Press Releases

Salceda to push for amendments to Traffic Code to protect ordinary motorists, transport sector workers, allow easier appeals with “no contact policy” violations; Motorist Bill of Rights being eyed

July 14th, 2022

House Ways and Means Chair Joey Sarte Salceda (Albay, 2nd district) has said that he will propose amendments to the 58-year-old Traffic Code of the Philippines, in response to worries that the expansion of “no-contact-apprehension” programs across more cities and thoroughfares would violate due process of ordinary motorists and transport sector workers, such as transport network vehicle service drivers and food delivery rides.

“The intention is all fair and good: after all, any frequent driver in Metro Manila’s streets will be quick to recount experiences of extortion attempts or ‘kotong’ by traffic enforcers. The ideal outcome is that kotong is minimized and drivers avoid crossing street rules, knowing that no violation will be left uncaught by the ever-seeing cameras,” Salceda said of new no-contact apprehension coverage areas.

“But, as with all cases of systemic misbehavior, kotong and the public’s acquiescence to such attempts come from a policy failure in the way we conduct the business of enforcing traffic rules. The problem arises from the lack of a system for adjudicating transport violations and the absence of any articulation of motorist rights and protections,” Salceda added.

“In other words, very few protections exist for ordinary motorists. And once you are told to be violating traffic rules, you stand almost no chance of disputing the finding,” Salceda added.

Salceda cited the practice in other countries, where traffic violations can be appealed.

“In many municipal jurisdictions in the United States and other countries that enforce some form of no contact apprehension, the offender is allowed to dispute the finding of violation or to appeal for a reduction of the fine through a municipal judge. Like all juridical proceedings, the judge will assess the appeal and consider mitigating or aggravating circumstances, including the reasons for the violation and the capacity to pay. In cases where the offender is unable to pay the fine, the judge may sometimes impose alternative forms of penalty, such as community service,” Salceda cited.

“There is no such mechanism in the Philippines that is as accessible or as reassuringly fair to the drivers – especially to those who make a living out of being on the road. In many ways, the vacuum in the role of a municipal judge deciding a final penalty for traffic violations is filled by the ‘kotong’ traffic enforcer, with whom the driver can at least argue his case, negotiate a penalty, and resolve his record.”

“You can see the frustration among road users such as food delivery riders, who have made their sentiments known to the public by electing to Congress the second-largest vote-getter in the 2022 Party List Elections – 1-Rider, which made its name by helping out riders caught in unfair traffic enforcement situations,” Salceda cited.

Fair traffic rules are “economic rights”

“The intentions of no contact apprehension are good, and perhaps they might work out. But the Constitutional right to due process does not end in traffic law, and for the time being, no contact apprehension appears not to give enough room for such right, to fairness or remedial recourse.”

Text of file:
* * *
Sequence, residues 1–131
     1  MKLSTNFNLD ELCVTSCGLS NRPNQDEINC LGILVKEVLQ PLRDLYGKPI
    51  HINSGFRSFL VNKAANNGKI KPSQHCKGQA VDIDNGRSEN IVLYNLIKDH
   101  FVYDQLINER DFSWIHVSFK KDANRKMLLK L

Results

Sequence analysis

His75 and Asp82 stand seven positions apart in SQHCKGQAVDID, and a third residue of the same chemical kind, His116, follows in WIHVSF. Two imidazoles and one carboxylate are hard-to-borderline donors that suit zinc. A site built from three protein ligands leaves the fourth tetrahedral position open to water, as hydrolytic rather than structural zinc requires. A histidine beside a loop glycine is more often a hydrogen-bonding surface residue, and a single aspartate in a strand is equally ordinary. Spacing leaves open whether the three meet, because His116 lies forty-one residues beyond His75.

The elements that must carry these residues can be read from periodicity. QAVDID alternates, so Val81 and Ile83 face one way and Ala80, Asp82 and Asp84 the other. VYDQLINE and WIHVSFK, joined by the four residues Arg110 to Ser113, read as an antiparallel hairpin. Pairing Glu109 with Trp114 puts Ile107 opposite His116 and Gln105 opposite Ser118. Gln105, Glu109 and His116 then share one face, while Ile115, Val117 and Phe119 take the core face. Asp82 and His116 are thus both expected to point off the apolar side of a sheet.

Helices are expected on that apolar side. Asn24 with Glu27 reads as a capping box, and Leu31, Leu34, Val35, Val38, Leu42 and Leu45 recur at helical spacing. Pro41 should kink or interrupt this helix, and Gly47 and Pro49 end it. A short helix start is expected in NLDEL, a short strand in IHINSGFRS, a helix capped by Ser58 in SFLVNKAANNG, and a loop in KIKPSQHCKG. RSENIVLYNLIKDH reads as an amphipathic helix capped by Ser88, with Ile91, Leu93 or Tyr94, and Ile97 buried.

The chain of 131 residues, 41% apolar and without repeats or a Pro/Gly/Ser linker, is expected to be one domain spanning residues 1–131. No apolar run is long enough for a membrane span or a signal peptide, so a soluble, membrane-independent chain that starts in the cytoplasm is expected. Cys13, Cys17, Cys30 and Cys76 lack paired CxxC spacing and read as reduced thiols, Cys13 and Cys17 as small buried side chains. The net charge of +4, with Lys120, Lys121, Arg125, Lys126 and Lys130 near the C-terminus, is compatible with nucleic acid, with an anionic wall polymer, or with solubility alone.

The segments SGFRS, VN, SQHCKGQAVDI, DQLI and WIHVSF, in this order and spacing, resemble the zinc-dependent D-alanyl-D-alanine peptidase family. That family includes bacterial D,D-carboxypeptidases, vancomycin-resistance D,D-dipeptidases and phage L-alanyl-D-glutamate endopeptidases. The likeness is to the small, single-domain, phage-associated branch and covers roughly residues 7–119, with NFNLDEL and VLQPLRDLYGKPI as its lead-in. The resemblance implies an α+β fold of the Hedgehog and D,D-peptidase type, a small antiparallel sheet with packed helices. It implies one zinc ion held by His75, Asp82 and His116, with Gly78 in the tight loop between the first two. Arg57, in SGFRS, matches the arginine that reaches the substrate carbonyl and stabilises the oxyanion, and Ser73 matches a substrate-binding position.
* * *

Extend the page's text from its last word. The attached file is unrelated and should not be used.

“And, in a country where at least 2 million drivers make their living on the road, the driver’s right to due process is intimately bound to the economic right to making a decent living without undue interference from the government. Especially during a time when transport sector workers are temporarily or permanently quitting the road, putting us in real danger of a public transport shortage, this is a policy failure we cannot simply hide under the rug.”

“Local governments and the transport agencies within the Executive can resolve this policy failure immediately. The DOTr, as the country’s main transport sector agency, can issue guidelines to harmonize the process of traffic apprehension, dispute, resolution, and penalty in the country. Republic Act No. 4167, or the Traffic Code of the Philippines, gives the Land Transportation Office the mandate to do that, as well.”

Amendments to Traffic Code mulled, Motorist Bill of Rights and assistance center

“At the same time, we in Congress also have a job to do. The Traffic Code is 58 years old now. It could not have anticipated transport network vehicle services, the proliferation of motorcycles, new electric vehicles, or the emerging call for more pedestrian rights. I hope to work with the transport sector stakeholders to craft amendments to that Code, which does not even have a section devoted to disputing transport violations or articulating the rights of road users.”

Salceda said that he will file a motorist bill of rights and mandate the creation of a Motorist Advocacy and Assistance Center to aid ordinary motorists in difficult circumstances in the road. Salceda says he hopes that the proposal will “add a motorist-protection dimension to the country’s transport laws.”

“The enduring legacy of Build, Build, Build will be more transport infrastructure than any prior generation of Filipinos has seen. We will have more roads than all of our ancestors. But, as we aim to have in the rest of society, these roads must be places where the fair conduct of rights and duties prevails,” Salceda added.

Other Press Releases
The AO will make food cheaper. Right now, it’s very difficult as an honest exporter to sell food to the Philippines.
Read More
Statement on the pronouncements against the Public Service Act amendments (RA 11659)
Read More
Statement on the February 2024 jobs report
Read More
Statement on the March 2024 inflation figures
Read More